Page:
The top high school seniors on the Central Coast will clash on the gridiron one last time in the second annual FCA All-Star Football Classic, with a significant boost from the Santa Ynez Band of Chumash Indians.

Players from 14 teams in Northern Santa Barbara and San Luis Obispo counties will square off at 7 p.m. Saturday, June 2 at Atascadero High School in an event co-sponsored by the Santa Ynez Band of Chumash Indians Foundation and organized by the Fellowship of Christian Athletes.

“The money we receive from the Santa Ynez Band of Chumash Indians goes a long way in helping us host the all-star game and provide the needed funds for the 14 high schools involved,” said Luke Llamas, the FCA area director. “The Chumash understand the significant underwriting costs involved and the promotional materials needed in putting on a game like this. We’re very fortunate to have them as a premier sponsor.”

“We recognize what a great accomplishment it is for a student athlete to take part in an event like this, and that’s what makes us proud to support it,” said Vincent Armenta, tribal chairman of the Santa Ynez Band of Chumash Indians.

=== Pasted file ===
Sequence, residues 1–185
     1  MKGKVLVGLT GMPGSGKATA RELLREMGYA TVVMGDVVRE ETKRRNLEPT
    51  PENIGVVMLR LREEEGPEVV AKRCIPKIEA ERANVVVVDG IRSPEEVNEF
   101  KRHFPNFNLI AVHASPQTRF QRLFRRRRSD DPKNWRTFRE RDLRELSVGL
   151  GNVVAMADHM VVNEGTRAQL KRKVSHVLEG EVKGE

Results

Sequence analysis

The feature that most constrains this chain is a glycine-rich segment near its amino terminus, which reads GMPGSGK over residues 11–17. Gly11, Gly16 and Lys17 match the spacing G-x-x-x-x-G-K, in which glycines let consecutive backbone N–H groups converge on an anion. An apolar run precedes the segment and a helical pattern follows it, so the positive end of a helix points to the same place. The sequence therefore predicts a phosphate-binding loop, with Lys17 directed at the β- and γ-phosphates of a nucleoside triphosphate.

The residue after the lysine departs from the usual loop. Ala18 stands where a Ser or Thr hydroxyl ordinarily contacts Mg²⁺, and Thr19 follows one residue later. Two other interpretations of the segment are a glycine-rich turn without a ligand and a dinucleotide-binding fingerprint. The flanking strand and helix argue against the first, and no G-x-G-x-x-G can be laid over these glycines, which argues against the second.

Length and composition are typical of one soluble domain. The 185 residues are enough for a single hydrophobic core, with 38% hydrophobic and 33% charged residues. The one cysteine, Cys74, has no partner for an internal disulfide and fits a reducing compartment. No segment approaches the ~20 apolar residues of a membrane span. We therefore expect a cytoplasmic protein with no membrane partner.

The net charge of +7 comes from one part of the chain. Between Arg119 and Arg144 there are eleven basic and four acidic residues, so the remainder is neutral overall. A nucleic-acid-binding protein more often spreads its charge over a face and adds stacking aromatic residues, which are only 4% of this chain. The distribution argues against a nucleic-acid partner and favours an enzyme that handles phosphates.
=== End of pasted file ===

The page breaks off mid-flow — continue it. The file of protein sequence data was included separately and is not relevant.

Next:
The foundation’s sponsorship includes a $14,000 donation, representing $1,000 for each of the schools participating in the all-star game. The South will be composed of players from Santa Ynez, Lompoc, Cabrillo, St. Joseph, Righetti, Pioneer Valley and Santa Maria high schools. The North will feature the best from Paso Robles, Atascadero, San Luis Obispo, Arroyo Grande, Nipomo, Morro Bay and Templeton high schools.

“The state budget cuts these schools face make it hard for them to run their football programs and have the equipment and uniforms they need,” Llamas said. “As a nonprofit, we try to help them bridge the gap by seeking donations and raising money that they’ll use at their discretion. Mostly, it helps make sure their equipment, like pads and helmets, stay up to date.”

The Santa Ynez Band of Chumash Indians Foundation also hosted a reception to honor the coaches and staff members who donate their time to work with the all-stars and make the game possible.

“We wish all the student athletes the best of luck, and hope they really enjoy what will be their last big moment on the high school football field,” Armenta said.

Last year’s inaugural event, which the foundation also sponsored, drew a crowd of more than 5,000 to see the South defeat the North 27-7 at Pioneer Valley High School.

“The rivalries we have up here are more significant for these teams, and that makes the kids really care about this game,” Llamas said. “It’s a great way for the community to come out and see our best players on one field.”

The Santa Ynez Band of Chumash Indians Foundation has donated more than $16 million to hundreds of local groups, organizations and schools in the community as part of the Chumash’s long-standing tradition of giving. The foundation is governed by the tribe’s Business Committee.

— Mike Traphagen is a public relations specialist for the Santa Ynez Band of Chumash Indians.